Portfolio manager’s Letter May 2006
I like to watch Berkshire Hathaway’s table of Operating Earnings (page 47 of the 2005 Annual Report), In order to get a picture of internal growth and to sort through some of the lumpy stuff like hurricanes and capital gains. In the table below I break out three main three main operating categories; Underwriting Gains, Investment Income, and Income from operating businesses (19 year because my collection of Annual Reports only goes back to 1989).
From the table we can see that Total pretax Operating Income has grown from $329 million in 1987 to $7.5 Billion in 2005. The growth for the 19 year period works out to annual rate of 19% which is not bad for a company the size of Berkshire Hathaway, but what is more interesting to me is that the rate for the last ten years is 24%. Better yet the growth rate for the last 5 years is also 24%.
Operating Profit for the non-insurance operating business has grown from $204 million to $4 billion and here again if you look at the bottom of the table you will see that ten year growth (28%) has outpaced the 19 year figure (18%). In this case though, the five year pace (23%) is off from the ten year figure but still stronger than the 19 year pace.
I think these figures are interesting because while operating earnings where not particularly significant in valuing Berkshire Hathaway 19 years ago, or ten years ago, they have now grown to the point that they will soon overwhelm all other valuation metrics. While it would seem obvious that Berkshire Hathaway’s huge size means it will not continue to grow as it has in the past it, appears to me that Wall Street is underestimating the Companies current growth and future potential. It is important to remember that the last five years have not provided the kind of environment in which Berkshire Hathaway is designed to work best.
Berkshire Hathaway is sitting on $40 some billion cash which has had a negative impact on the growth of investment income. With the world awash in cash for the last five years (as Asian Central Banks discovered how to stimulate the American consumer) it has been difficult for Warren Buffett to find investments that offer attractive returns.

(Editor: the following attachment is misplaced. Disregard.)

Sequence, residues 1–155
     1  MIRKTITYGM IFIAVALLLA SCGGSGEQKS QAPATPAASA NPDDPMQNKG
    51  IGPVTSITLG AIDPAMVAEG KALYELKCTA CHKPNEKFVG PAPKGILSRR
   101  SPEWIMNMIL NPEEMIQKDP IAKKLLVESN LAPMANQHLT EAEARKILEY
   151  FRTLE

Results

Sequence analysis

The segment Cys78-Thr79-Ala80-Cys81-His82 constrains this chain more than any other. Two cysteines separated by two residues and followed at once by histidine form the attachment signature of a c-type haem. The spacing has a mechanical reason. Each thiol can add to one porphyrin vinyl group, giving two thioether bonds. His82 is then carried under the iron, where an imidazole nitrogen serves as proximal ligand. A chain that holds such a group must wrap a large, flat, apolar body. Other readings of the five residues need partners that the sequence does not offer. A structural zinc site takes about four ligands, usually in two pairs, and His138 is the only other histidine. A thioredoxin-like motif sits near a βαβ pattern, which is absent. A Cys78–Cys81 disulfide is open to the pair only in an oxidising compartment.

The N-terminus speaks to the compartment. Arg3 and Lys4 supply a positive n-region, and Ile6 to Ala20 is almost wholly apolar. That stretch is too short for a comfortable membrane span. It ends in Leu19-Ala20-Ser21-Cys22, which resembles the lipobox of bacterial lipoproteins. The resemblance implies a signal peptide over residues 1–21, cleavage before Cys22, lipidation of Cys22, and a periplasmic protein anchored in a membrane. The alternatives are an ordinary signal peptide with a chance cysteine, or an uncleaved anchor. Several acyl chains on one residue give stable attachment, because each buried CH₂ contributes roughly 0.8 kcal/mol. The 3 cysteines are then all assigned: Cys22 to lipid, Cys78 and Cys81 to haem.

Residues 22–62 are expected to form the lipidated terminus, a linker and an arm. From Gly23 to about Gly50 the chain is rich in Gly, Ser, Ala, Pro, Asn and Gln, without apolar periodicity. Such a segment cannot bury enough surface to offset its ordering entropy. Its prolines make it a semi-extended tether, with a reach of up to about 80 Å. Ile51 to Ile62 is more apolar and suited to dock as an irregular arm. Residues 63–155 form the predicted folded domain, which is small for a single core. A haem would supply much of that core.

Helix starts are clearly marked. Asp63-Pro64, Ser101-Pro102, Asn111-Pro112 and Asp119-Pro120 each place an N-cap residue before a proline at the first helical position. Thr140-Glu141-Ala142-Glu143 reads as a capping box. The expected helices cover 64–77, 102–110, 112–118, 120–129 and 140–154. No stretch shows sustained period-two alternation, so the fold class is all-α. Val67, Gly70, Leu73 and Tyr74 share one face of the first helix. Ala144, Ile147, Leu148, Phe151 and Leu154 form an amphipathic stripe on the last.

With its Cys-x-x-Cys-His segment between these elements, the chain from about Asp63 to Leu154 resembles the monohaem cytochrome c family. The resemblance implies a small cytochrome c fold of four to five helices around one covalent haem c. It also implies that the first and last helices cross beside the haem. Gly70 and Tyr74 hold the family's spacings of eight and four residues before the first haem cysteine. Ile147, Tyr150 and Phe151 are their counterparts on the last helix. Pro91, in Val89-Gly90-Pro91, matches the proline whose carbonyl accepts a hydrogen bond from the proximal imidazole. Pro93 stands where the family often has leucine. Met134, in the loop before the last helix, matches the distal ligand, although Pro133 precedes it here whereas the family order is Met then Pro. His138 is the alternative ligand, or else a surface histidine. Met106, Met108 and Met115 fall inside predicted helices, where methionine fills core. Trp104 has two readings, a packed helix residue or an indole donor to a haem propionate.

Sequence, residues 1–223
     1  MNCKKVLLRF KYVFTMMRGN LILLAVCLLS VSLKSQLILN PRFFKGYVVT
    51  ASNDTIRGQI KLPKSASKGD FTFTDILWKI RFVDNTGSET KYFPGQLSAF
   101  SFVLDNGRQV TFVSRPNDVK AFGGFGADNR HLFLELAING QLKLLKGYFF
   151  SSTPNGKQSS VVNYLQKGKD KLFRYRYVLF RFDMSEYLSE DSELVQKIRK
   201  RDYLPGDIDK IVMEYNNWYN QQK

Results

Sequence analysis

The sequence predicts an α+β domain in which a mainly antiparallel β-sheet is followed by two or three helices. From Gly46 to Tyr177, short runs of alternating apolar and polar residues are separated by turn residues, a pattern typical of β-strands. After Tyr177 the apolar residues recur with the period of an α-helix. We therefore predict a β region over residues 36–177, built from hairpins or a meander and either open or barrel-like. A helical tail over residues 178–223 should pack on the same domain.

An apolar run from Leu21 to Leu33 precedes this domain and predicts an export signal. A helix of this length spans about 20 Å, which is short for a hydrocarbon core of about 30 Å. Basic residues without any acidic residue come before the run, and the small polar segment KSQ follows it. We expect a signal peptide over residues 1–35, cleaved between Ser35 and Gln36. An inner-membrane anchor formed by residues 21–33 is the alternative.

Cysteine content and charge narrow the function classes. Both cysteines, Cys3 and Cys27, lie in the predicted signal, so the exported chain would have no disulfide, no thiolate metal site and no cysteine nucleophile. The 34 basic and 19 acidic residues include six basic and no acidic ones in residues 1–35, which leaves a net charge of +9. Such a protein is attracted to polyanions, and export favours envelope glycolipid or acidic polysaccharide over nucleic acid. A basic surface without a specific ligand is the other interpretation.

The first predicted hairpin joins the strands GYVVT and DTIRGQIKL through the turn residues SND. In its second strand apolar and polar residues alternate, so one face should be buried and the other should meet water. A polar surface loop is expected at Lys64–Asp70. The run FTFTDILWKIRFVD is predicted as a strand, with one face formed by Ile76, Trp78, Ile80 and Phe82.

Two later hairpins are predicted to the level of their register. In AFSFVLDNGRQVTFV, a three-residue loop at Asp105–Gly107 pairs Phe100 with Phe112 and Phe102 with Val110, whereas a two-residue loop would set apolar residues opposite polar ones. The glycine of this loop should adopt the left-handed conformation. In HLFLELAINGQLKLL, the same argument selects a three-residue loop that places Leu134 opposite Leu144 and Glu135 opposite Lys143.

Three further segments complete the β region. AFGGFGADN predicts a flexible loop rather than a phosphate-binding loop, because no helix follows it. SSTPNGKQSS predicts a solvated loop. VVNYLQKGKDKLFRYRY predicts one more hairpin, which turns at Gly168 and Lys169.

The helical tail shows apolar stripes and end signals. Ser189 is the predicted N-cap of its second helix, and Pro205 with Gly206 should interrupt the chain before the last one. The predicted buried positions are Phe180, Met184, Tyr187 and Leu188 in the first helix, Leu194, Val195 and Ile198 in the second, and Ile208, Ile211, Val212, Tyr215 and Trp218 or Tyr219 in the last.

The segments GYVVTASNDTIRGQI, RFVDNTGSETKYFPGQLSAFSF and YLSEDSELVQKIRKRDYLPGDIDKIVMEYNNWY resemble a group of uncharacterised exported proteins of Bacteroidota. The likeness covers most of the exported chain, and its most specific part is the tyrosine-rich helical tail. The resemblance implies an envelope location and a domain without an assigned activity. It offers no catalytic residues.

In spite of this Berkshire Hathaway has been able to increase the operating income of it’s owned non insurance businesses at a rate of 23% per year. Nor have the last two years been great years for the insurance business, with hurricane losses of $1.25 billion in 2004 and $3.4 billion in 2005. If 2005 had been storm free Berkshire Hathaway would have had an enormous pre tax underwriting profit of $3.4 billion.
The Table above has lead be to me to review my past growth estimates. In particular I wonder about the estimate from portfolio manager’s letter june 2005 “Warren Buffett Premium“. My thinking at the time was that Berkshire Hathaway’s intrinsic value growth rate must have been 10% to 12% since 2000; otherwise Berkshire Hathaway would have been buying back stock.
On reflection, and in the face of the above I believe that Berkshire Hathaway’s intrinsic value is probably growing faster than 12% per year. I used to feel that 15% growth was not out of the question, but had backed off that view because 15% percent growth would have meant the stock has been trading below Warren Buffett’s theoretical buy-in price for quite a while. So why if Berkshire Hathaway is a better value now than it was in March 2000 has Warren Buffett not announced a buy-back.
But actually, if you think about it, there may be a lot of good reasons that Warren Buffett would not want to do a buy-back now, including but not limited to the fact that he does not want to talk the price of the stock up at this particular time; or that he will be able to buy it cheaper later; or that he feels that it is probably in the best interest of shareholders to leave the money where it is.
|Year||Underwriting Gain||Investment Income||Operating Businesses||Total Operating Income (Before Tax)|
|Investment Income||Operating Businesses||Total Operating Income|